The Mathematics Department administers programs leading to Master of Arts, Master of Science, and Doctor of Philosophy degrees in mathematics. These programs provide diverse opportunities for advanced study and research in algebra, analysis, topology, mathematical physics, history of mathematics, and probability. The Mathematics Department has about 25 regular faculty members, nearly a dozen visitors and postdocs, and 47 graduate students, creating a close-knit community of faculty and students.
The Mathematics Department is classified as a Group I department by the American Mathematical Society, the smallest such department at a public university in the country. All permanent mathematics faculty are internationally prominent in their research specialties. The faculty are often invited as visitors overseas, a number have been involved in organizing major national conferences, and many serve on the editorial boards of major journals. Most have been recipients of prestigious awards, including Sloan, NSF Postdoctoral, NSF CAREER, AMS, and Guggenheim Fellowships. In recent years, eight of our faculty have written books and papers chosen for a 'Featured Review' by Math Reviews, deemed by the AMS to be the among the best 100 publications of the year in the world of mathematics. In addition, two of our faculty are included in the ISI Highly Cited list of the 50 most cited mathematicians worldwide.
Our Whyburn Instructor postdoctoral program has in recent years brought us some of the world's best new Ph.D.'s in areas including probability, algebraic topology, algebraic coding theory, mathematical physics, and pde's.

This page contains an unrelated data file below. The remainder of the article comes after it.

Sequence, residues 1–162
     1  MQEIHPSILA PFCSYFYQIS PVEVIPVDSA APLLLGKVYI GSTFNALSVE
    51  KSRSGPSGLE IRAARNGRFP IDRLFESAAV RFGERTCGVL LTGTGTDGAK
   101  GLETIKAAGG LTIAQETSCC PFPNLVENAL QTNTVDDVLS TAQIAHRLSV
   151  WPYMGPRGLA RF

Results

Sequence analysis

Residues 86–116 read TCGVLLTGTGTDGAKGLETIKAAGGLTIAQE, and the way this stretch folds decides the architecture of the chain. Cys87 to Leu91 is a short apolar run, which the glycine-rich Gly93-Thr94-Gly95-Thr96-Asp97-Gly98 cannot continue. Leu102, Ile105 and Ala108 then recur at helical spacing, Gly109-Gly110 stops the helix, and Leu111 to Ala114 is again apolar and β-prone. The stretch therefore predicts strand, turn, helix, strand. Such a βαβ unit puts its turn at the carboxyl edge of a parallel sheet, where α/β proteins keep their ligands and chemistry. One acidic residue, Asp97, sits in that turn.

Numerous subfields of mathematics are represented in the research of the faculty. In algebra, the main areas are linear and arithmetic groups and associated structures, nonassociative algebra and geometry, and representation theory. In analysis, the focus is on differential equations and applied mathematics, operator theory, operator algebras, and function theory, probability, and mathematical physics. In topology, algebraic topology and geometric topology are both studied. In our history of mathematics program, emphasis is on the nineteenth and twentieth centuries.
Besides a series of weekly colloquium lectures, there are also research seminars in operator theory/operator algebras, mathematical physics, algebraic topology, geometric topology, differential equations, algebra, probability, and history of mathematics. The graduate student seminar serves as a meeting place for graduate students and junior faculty to talk about mathematics, and fosters an unintimidating atmosphere for discussion.
The Department and library are located in Kerchof Hall. The library houses a research collection primarily for the use of mathematics faculty and graduate students, with about 36,000 volumes. Additional mathematics materials are housed in the adjacent Brown Science and Engineering Library. The University of Virginia Library has hundreds of print and online subscriptions to most major journals in mathematics and statistics that support the teaching and research activities of the Mathematics Department. The Department has a well-equipped computing laboratory available to faculty and graduate students, as well as a computer in every office.